We've been posting maybe once every week or two on the Bicycles blog. We have a lot of people signed up as posters, but many of them haven't written or finished any posts. Perhaps people just don't have any ideas for posts?

After a conversation in chat, we're going to try using meta for post ideas.

If you have an idea for a blog post but don't want to write it up:

Please answer this question, one idea for a post per question. Keep it simple, maybe a sentence or two. Anything bicycle-related is fine, no matter how tenuous the connection.

Ideas can include threads closed for being too chatty or speculative or whatever. The blog is not Allergic to Fun. :)

If you're a writer looking for an idea for a blog post:

Look through these answers, and pick one. Post a comment that reads "Hey, I'm all over this!" Write, post, repeat.

If you're neither of these:

Vote up the ideas you like, vote down the ones you think are boring.

Remember, you can be silly, opinionated, write pointless rants, whatever you like on the blog. Did a question of yours get closed? Go ahead and write it up as a blog post! We'd love to see it!

  • I don't see anywhere a link to the blog, from the main site or from meta.
    – ChrisW
    Feb 10, 2012 at 15:25
  • @ChrisW - Finding the site blog is not easy. My suggestions about improving the header interface have been met with indifference. And there seems to be some agreement that the current system makes sense, which bufuddles me; it seems pretty unusable to me. There is a "blog" link at the bottom of every site page, but it's easy to miss and doesn't lead to the site blog. If you'd like to open another Meta.SO thread on this, I'd love to see it. Feb 10, 2012 at 18:51

12 Answers 12


Cool cycling apps for iPhones

Anyone here use an iPhone while riding?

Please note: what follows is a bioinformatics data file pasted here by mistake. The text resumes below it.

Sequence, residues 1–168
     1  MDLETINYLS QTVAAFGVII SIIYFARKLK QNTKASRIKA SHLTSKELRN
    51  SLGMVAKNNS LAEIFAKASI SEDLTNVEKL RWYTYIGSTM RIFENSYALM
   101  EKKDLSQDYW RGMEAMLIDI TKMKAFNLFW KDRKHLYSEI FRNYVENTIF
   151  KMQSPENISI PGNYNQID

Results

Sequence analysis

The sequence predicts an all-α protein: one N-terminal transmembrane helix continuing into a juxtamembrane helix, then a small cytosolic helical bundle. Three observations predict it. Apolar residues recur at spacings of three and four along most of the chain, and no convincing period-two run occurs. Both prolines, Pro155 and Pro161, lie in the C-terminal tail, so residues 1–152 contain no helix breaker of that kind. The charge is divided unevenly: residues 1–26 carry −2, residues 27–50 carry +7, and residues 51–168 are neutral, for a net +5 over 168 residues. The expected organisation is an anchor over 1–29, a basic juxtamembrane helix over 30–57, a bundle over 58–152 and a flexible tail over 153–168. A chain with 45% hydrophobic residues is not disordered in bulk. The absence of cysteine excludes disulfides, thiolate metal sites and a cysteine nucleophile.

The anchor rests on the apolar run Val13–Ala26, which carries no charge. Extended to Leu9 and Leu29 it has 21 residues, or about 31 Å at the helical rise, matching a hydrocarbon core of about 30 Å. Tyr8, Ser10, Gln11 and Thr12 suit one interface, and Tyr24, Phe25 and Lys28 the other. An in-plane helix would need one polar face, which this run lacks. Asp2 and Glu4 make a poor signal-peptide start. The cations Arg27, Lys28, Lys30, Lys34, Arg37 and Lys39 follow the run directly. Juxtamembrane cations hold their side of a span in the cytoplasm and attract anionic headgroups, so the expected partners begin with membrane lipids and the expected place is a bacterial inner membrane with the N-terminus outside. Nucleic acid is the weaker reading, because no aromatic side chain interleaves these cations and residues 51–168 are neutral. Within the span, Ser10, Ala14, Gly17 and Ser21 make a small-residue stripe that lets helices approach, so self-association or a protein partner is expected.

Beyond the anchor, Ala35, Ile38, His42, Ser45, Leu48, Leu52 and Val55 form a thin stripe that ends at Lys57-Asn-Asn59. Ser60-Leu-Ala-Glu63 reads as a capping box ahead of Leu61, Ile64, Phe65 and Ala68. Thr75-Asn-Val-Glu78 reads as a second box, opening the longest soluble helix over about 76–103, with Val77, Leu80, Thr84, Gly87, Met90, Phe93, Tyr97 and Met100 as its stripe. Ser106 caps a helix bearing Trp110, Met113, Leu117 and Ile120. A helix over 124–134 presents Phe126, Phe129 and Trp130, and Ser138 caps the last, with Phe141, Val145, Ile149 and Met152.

Cool cycling apps for Android phones

Anyone here use an Android phone while riding?

  • Just got a Galaxy Tab (wifi only), would like to figure out how to use the GPS when cycling. Jan 23, 2012 at 21:31
  • Strava, Wahoo fitness, edmondo, ridewithgps...
    – Jacob
    May 17, 2014 at 1:23

Could we have a regular interesting cycling links blog?

We've had a few closed questions which were pretty much "I saw this cool cycling thing and I'd like to share it" (e.g. cycling to the South Pole, Mayor crushes car parked in cycle lane). I've seen a few things myself that I thought were interesting but didn't fit the Q&A format (e.g. this interview with Victoria Pendleton).

If we had a way for people to submit interesting things they'd seen with a short description (one or two sentences) then this could be published as a blog maybe once a week.

  • We've already had one, it'd be great to make this a regular thing. Do people want to leave links here in the comments with commentary? Jan 10, 2012 at 18:13

How cars can be nice to cyclists

Intended audience: people driving cars.

List of easy to follow things with explanation for each. Stuff like:

  1. Have a little patience
  2. Give bicycles some room
  3. Merge into the bike lane before turning
  4. Don't yield excessively to bikes
  5. Signal, damnit!

Note: How cars can be nice to cyclists, posted on 16-Jan-2012


A review of affordable headlights

We already have a review of affordable taillights being worked on. A review of affordable headlights would be the next obvious thing to do.